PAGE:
In 2021 we moved into a grey house. The previous owners loved grey both inside and out.
Somehow I had to try to make it work with the things we brought with us taking the emphasis off the grey. Inside was one thing outside another. It would have been a huge undertaking to change the color of the house not to mention getting permission from the HOA review board! All the terracotta pots of plants I brought with me didn't look right against the clean modern lines of the grey house. And so began the change. It also brought with it a simplification which was the reasoning behind moving here in the first place. Grey and black planters and square rather than round to complement the formidable, square patio pillars, softening the area. Away with all those tiny pots which dried out too quickly and maybe a new beginning with a coat of paint.
I was lucky to find some square planters on sale at 50% of the price. With a little negotiation ( a few had dings) we managed a great deal. All the pot feet were pained black. Now for the plants. Drought tolerant plants which require little to no water when I am away from home. They must also tolerate vast swings in sun and shade as the sun moves across the sky from winter to summer.
Cactus and succulents and small agave the obvious choice. Shout if you can identify this small agave.
I already had a few nice specimens and purchased several elephant food plants, Portulacaria afra, for the larger pots. Elephant food can be grown in full sun or part shade and is very drought tolerant. And there is a variegated version which I think I like even better. The stems are dark burgundy and look stunning against the pale foliage.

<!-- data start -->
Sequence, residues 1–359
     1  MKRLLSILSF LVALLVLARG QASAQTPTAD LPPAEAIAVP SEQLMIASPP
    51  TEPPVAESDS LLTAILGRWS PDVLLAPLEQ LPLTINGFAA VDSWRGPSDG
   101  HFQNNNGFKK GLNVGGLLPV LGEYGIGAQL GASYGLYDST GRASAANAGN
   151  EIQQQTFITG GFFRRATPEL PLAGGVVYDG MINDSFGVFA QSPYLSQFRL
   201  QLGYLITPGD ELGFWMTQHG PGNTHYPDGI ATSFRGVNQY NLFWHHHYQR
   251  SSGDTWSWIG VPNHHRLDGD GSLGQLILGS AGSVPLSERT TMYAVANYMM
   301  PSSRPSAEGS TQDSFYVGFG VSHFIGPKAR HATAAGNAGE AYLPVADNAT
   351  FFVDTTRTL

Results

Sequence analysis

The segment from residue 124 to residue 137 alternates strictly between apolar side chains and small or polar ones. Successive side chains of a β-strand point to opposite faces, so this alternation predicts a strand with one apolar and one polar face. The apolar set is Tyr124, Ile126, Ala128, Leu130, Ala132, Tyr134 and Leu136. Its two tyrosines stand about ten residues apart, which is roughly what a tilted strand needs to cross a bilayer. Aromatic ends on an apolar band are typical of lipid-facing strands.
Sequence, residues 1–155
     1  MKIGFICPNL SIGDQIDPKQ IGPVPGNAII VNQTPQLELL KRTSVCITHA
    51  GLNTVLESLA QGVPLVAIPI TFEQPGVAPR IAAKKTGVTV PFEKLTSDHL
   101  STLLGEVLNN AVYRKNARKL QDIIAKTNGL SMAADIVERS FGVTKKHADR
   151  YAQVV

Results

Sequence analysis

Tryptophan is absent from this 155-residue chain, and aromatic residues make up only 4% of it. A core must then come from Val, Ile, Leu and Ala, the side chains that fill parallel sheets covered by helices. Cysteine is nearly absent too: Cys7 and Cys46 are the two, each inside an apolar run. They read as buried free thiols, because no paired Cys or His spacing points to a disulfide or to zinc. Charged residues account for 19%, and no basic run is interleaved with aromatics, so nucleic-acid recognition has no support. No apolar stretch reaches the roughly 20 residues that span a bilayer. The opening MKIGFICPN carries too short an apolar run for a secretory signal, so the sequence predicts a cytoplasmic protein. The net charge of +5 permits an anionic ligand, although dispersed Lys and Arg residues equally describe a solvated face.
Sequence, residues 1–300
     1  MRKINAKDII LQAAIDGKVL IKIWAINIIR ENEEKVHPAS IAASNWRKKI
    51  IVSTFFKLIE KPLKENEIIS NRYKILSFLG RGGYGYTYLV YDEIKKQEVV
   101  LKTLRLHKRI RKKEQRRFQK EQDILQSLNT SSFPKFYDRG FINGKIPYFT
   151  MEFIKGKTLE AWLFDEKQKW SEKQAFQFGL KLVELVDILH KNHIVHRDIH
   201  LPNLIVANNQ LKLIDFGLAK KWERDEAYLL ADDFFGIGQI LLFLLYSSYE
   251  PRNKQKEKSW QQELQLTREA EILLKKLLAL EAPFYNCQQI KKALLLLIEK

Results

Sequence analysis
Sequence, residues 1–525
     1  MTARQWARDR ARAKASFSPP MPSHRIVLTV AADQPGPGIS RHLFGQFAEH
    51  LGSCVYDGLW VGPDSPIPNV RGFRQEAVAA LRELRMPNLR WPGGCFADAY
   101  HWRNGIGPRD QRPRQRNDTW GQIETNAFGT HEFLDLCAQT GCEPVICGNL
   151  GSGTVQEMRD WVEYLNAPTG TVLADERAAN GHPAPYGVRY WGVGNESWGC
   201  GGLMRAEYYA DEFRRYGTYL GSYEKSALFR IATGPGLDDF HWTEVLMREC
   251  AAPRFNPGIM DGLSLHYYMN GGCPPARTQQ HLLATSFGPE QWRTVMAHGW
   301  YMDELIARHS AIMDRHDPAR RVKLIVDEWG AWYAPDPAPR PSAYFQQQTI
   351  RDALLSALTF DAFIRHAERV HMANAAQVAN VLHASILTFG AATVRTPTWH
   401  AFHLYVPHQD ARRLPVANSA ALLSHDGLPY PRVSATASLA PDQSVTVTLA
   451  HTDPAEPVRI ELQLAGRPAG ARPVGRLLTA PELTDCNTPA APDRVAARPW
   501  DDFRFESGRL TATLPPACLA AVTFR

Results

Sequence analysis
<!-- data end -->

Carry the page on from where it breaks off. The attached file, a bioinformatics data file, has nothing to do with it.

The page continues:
Elephant food roots easily from cuttings but will need to be protected from frost. A friend of mine who lives in S.Cal. uses this as a ground cover on his hillside and has a small 'nursery' of pots he has rooted to increase their spread. After the new year I will cut back one of the plants and start my own nursery. Growing in the ground would probably not work here as we have too many nocturnal visitors.
I have never been a huge fan of variegated plants but now find they are very suitable to tone down my large areas of grey. The plant below, Pereskia acuelata also came from my Austin garden. It seems to prefer this climate and has coped well with a long hot summer.
Looking across from the patio are the 3 A. desmettiana variegata and Joe Hoak I planted 2 years ago. They have grown well despite having their lower leaves eaten by critters I try to rescue pups as soon as they appear or they would be eaten too. Is there any hope for this one? Of course,but it may take a few years of potted life.
The old bird bath stand and planter have joined the grey world too.
I do have plans to add color to the edges of the garden. Newly purchased Tecoma stans 'Sparklette' seemed like a good choice as it grows to 3' and is frost hardy. It may die back to the ground during a very cold winter. In another part of the garden I have replaced a Photinia with sparklette. There was nothing wrong with the photinia as it was healthy and evergreen and did put on a great display in the spring but I just felt there were too many other plants with more merit.
It grows alongside aloes and Tecoma capensis, Cape honeysuckle, an original planting. The hummingbirds love this bush.
This white alyssum has returned from last year. It seems to be an easy variety to grow, unlike the purple with which I have had no success.
I am thinking of taking out some of the pavers alongside the pillars and planting vines. The only problem will be irrigation during periods when we are gone. But that will be a job for the new year when we return from our winter travels.
Happy Thanksgiving to all my garden friends. May the holidays bring you lots of gardening joy.